When I was in “The Pit” (as I call it) a few years ago, there were a lot of things I needed to do to dig myself out of it

One of the most effective tactics I used was to study the “greats” — people that I looked up to in filmmaking, writing, fitness, and business.  I wanted to learn all I could from them so I could apply it to my life.  

Because what I was doing wasn’t working.  

So I dove head first into consuming as much content as I possibly could from these experts.

I read five or more times as many books each year and set goals to read even more.  I subscribed to dozens of podcasts and listened to them while traveling, cooking, and exercising.  I took courses. I attended conferences. I followed people on social media. I subscribed to their newsletters.

I gobbled up as many bits of information as I could and I regurgitated them into a “Things I’ve Learned” notebook which I then revisited and reviewed once each week.

I needed answers and solutions to questions like: How do I write a book? How do I grow my email list? How can I invest wisely? 

I was trying to find some spark of inspiration, something that stuck, so I could find the right path to salvation and get myself out of The Pit.

It helped. 

Eventually I got out.

But once I was out of The Pit and back on level ground, I continued the same practices I had established and performed over the past few years to get out.  The problem was, those tactics worked to get out, but they didn’t work to help me climb further and build something of my own.

I realized I had used what I’d learned to help myself, but I hadn’t actually done anything.

I was just stuck on the ground. 

I was over-saturated — full of all this knowledge, just like we can get full of food, but I needed to convert it to energy.

I needed to use it.

My focus from that point on switched to creating.

My goals were to be a filmmaker and writer and to help people through storytelling.  But the days of just learning about it were over. I couldn’t talk about it anymore. I had to actually take action.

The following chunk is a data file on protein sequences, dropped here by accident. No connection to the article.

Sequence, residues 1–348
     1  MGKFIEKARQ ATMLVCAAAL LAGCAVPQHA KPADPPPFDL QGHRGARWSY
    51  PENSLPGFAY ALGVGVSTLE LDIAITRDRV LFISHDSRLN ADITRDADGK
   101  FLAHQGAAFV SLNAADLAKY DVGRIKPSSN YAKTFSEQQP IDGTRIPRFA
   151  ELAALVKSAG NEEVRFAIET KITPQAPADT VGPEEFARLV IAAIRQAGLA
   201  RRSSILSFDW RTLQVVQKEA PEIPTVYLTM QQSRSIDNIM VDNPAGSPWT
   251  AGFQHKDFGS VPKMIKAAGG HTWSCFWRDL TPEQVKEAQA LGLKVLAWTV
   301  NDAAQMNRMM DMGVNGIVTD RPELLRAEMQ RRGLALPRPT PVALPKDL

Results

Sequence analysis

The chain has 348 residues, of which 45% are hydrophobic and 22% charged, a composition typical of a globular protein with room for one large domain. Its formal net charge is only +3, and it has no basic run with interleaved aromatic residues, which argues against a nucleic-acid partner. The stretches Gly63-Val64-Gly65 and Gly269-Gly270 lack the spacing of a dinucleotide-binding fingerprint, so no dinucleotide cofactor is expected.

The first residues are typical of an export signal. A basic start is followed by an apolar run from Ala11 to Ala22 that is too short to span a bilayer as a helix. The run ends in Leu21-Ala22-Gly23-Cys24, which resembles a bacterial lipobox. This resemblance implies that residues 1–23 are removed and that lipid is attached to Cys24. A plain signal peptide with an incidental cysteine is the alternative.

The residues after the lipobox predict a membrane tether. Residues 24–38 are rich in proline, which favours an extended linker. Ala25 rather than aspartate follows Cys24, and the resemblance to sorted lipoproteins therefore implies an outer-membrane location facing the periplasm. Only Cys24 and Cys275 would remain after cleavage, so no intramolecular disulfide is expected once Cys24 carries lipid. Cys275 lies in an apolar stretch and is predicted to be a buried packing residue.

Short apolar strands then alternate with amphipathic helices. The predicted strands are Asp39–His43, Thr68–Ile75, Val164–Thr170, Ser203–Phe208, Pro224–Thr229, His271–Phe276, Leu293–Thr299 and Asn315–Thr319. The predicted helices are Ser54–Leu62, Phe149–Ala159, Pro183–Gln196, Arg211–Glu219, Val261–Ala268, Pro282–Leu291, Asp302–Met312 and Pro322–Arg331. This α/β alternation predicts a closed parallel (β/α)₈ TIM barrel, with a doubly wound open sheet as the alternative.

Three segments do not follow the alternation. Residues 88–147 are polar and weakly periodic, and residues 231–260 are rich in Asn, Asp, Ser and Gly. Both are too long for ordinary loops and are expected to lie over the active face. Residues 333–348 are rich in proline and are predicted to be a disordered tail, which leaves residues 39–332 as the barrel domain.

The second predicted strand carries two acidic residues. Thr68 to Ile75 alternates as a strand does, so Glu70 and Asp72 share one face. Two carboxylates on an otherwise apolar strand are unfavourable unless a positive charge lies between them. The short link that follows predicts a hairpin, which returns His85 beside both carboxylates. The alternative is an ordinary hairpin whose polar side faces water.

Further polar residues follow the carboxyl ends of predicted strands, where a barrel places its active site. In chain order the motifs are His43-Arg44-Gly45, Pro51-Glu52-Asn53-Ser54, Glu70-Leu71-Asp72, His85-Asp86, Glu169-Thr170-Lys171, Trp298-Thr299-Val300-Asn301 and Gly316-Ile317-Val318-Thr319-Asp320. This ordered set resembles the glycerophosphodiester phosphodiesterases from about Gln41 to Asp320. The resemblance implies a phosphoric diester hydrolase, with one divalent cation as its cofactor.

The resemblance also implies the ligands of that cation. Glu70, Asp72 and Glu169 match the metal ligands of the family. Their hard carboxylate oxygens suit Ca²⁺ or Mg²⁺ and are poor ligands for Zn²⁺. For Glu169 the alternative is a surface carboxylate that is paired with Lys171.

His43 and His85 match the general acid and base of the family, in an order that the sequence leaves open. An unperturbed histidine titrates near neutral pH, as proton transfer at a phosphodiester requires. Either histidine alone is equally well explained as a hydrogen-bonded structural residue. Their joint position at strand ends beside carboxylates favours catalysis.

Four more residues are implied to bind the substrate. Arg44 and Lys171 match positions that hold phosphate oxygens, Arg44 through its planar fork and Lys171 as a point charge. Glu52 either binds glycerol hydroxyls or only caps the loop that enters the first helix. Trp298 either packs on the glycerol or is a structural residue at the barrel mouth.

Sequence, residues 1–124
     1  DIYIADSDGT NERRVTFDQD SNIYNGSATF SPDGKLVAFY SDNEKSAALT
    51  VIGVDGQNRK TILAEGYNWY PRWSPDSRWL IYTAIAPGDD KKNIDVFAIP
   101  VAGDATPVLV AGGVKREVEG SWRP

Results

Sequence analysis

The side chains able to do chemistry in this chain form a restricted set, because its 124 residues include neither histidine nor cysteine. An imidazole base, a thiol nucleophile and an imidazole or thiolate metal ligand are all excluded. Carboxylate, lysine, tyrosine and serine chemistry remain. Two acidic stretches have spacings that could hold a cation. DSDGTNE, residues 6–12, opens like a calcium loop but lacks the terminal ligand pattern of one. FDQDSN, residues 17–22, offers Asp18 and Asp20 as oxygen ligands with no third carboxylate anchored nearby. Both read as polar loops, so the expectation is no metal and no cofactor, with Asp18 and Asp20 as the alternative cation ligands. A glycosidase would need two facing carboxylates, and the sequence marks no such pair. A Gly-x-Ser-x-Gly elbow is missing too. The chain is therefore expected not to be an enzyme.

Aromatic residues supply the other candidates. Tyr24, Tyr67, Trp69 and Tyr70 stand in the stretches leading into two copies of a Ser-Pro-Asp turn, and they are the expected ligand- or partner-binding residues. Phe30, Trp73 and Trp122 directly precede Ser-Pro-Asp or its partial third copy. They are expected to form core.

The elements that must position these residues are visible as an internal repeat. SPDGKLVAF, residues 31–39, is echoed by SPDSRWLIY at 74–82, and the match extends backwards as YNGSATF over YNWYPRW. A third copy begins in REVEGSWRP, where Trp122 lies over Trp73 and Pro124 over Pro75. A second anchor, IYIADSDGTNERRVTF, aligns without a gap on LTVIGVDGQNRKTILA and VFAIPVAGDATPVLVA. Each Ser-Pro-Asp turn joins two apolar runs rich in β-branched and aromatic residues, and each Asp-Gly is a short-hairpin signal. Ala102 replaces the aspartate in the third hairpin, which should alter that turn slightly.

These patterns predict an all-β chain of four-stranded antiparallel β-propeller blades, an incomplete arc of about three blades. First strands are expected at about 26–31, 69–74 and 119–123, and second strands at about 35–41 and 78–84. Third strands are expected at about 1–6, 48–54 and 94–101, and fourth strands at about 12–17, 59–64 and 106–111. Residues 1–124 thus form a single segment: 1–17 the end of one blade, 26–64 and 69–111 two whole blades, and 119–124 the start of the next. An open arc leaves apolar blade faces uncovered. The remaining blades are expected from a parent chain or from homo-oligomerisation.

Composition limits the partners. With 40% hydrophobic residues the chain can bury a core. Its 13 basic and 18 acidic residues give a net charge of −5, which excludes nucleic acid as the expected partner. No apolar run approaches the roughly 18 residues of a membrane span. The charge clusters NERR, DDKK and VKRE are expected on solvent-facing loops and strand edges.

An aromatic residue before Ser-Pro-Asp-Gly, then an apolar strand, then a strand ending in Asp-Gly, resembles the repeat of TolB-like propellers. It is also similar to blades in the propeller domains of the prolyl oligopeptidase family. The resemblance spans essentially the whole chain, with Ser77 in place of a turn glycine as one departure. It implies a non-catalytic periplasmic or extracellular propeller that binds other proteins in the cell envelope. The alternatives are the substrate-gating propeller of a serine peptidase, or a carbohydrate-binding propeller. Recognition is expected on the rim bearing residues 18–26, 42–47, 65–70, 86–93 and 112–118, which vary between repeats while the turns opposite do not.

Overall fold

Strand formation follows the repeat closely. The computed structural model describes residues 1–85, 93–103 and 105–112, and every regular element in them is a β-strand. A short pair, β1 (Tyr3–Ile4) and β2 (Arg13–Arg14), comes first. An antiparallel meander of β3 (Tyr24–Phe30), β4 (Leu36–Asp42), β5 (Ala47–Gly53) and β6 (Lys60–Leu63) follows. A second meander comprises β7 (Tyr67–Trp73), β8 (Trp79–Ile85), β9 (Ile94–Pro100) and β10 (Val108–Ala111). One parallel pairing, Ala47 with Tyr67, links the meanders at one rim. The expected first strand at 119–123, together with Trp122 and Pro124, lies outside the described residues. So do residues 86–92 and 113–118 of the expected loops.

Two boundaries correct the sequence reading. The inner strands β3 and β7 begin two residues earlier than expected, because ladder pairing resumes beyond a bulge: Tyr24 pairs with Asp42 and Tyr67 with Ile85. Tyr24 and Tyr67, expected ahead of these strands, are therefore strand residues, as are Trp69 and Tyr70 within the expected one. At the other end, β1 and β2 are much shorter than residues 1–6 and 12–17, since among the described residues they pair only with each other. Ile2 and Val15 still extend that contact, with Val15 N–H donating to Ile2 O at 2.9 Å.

This is a problem many of us face and I believe it causes us to procrastinate and put off our dreams because of fear of failure.

The people that succeed and excel don’t do it because of all they’ve learned through reading other people talk about it.  They do it because they are out there, in the arena, trying it.  They fail, they learn, and they get back out there until they get it right.

They don’t “wait for the right time” and they certainly don’t wait for inspiration to strike.  

They take action.

The people that I looked up to and learned from weren’t spending all of their time reading and watching other people’s work. They were too busy creating their own.  Of course, when they had time they could (and did) read great books or watch great films, but only after they’d done their own work.

This is what I had to do.

I knew I had something to say and I knew it could help people.

I just needed to believe in myself, put down the book, and pick up the pen.


Rain Bennett is a two-time Emmy-nominated filmmaker, writer, and competitive storyteller with over a decade of experience producing documentary films that focus on health and wellness. His mission is simple: to make the world happier and healthier by sharing stories of change.

You can read the rest of “Right as Rain” here, and check back every Wednesday on Chapelboro for a new column!